Personally, I don't see very many opportunities to buy a stock at 21% discount to NAV with a 12% current yield and reasonably safe dividends and which are also readily hedged with exchange traded options, particularly ones that pay monthly (AGNC has very similar 19% discount, 11.5% yield, pays monthly and is readily hedged). I'm inclined to buy more PSEC and AGNC at prices near today's.

    Regarding the issue of stock price and capital gains, I prefer that stock prices decrease for high yield BDCs and mREITs as long as NAVs and dividends don't, since that provides an opportunity to buy at a higher yield on cost and greater discount to NAV. They are not the types of stocks to buy primarily for long term capital gains since they must pay out most earnings. Your return on a stock is via either dividends or capital gain, both driven by earnings. With high payout ratios of BDCs and mREITs your return is going to be mostly dividends.
    May 17, 2015. 11:19 AM | 4 Likes Like |Link to Comment
  • Hilsenrath: Growth hiccups vex Fed yet again [View news story]
    Gee, could it have to do with the fact that real median income is DOWN from 2008, and isn't growing, continuing a 30-year trend. All the income gains are at the very tip top of the income distribution, and the folks there don't spend much of it, they invest it. Most folks with high marginal propensity to consume haven't seen any significant recovery and are also still buried in too much debt.
    May 16, 2015. 07:57 PM | 6 Likes Like |Link to Comment
  • ARMOUR Residential REIT Is A Total Return Nightmare [View article]
    I used to hold this beggar with put options to protect capital, which worked OK for a while, but now the price is so low it can't even be efficiently hedged with puts since the strike prices are so far apart in percentage terms. I gave up and sold April 4 puts at 0.85 and stock at 3.21. Will shift funds to AGNC, CMO, HTS and maybe some JNK with hedges. AGNC seems to do better managing things. CMO and HTS hold agency ARMs and will benefit a little from extra earnings with a rise in LIBOR (if that ever happens again!), assuming defaults don't spike as a result. No longer confident that the small extra yield from fixed rate Agency mREITs is worth it. They seem to dissipate earnings trying to hedge long bonds at the wrong times. Also, PSEC yield is almost the same as ARR and it's easy to hedge with puts, although they also have issues regarding falling earnings, the management take, and general stockholder friendliness.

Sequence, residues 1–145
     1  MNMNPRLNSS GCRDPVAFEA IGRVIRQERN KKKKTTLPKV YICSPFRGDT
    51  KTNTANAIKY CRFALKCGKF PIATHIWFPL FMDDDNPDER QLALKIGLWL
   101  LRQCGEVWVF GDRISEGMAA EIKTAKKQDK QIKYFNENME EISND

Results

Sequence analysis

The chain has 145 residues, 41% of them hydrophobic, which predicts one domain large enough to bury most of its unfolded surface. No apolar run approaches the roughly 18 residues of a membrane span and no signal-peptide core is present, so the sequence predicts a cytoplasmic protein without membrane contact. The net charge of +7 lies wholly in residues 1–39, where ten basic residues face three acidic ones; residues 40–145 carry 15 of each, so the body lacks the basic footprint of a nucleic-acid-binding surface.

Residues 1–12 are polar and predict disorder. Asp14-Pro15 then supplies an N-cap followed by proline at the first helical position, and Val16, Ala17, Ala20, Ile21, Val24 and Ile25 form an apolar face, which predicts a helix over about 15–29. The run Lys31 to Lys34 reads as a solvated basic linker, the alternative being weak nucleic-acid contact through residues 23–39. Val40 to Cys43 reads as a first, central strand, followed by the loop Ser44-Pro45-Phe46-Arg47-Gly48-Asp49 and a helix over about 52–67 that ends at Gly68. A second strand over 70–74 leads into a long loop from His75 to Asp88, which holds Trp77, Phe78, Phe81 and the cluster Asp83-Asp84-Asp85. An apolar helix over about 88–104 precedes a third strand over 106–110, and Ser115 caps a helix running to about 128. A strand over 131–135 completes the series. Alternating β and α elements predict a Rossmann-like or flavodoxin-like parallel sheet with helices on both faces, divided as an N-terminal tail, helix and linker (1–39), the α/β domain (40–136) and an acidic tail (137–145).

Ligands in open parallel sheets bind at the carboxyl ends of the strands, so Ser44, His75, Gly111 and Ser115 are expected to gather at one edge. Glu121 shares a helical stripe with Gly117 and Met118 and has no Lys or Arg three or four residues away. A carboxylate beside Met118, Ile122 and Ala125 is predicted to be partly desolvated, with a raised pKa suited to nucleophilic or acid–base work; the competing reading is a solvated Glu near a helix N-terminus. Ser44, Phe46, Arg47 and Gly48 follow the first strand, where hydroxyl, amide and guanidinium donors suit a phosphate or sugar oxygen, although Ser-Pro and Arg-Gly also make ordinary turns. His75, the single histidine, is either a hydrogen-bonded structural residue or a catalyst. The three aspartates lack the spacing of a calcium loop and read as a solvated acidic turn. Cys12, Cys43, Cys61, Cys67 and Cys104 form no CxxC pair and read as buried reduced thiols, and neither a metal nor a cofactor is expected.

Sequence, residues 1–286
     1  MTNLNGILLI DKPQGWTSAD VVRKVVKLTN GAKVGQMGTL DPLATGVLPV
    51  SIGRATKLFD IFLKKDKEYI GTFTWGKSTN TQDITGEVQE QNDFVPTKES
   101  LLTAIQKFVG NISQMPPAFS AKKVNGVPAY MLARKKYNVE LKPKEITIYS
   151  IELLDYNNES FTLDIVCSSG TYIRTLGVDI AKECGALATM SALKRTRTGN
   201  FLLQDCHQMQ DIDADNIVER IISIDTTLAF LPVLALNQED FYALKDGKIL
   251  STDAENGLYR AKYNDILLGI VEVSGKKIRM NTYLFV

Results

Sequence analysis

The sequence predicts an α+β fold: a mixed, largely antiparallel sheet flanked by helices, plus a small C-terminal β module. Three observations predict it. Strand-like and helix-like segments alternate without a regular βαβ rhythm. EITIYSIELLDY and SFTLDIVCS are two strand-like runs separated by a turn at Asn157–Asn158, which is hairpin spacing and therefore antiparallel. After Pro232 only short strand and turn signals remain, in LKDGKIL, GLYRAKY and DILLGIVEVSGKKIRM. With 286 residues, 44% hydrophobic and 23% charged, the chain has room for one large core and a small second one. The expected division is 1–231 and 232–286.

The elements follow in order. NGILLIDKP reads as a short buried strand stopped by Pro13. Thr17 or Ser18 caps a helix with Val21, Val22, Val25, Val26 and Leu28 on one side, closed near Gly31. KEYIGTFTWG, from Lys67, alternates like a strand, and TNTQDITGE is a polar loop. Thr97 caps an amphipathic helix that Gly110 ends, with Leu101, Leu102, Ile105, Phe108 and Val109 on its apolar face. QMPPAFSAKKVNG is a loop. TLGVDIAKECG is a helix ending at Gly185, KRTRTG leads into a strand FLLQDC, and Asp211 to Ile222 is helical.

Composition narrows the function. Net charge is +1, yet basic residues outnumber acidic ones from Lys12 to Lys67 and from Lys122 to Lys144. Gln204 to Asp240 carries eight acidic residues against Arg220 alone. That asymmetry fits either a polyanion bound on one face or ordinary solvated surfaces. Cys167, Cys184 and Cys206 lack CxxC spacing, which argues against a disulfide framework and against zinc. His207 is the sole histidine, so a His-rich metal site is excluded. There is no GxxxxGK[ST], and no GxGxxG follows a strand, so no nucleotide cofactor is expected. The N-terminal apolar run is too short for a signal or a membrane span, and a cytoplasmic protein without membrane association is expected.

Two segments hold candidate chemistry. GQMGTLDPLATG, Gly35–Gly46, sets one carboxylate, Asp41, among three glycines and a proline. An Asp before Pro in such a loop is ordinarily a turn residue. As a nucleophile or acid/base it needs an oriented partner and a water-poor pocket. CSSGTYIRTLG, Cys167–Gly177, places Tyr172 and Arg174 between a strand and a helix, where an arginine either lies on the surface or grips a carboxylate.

May 9, 2015. 03:28 PM | Likes Like |Link to Comment
  • Where In The QE Have We Seen This Before? [View article]
    QE's are mainly to fund government deficits in absence of sufficient private demand for debt at low interest rates. A QE program helps prevent a bigger rise in interest rates that otherwise would happen, and to that extent helps promote or sustain economic recovery. The Fed's QE taper coincided with a big drop in the US federal deficit.
    May 9, 2015. 08:05 AM | 1 Like Like |Link to Comment
  • Treasury Bond Bull Runs To At Least May 2015 [View article]
    Terrific work.
    Apr 28, 2015. 08:41 AM | Likes Like |Link to Comment
  • A Shocking Dividend Cut At American Capital Agency [View article]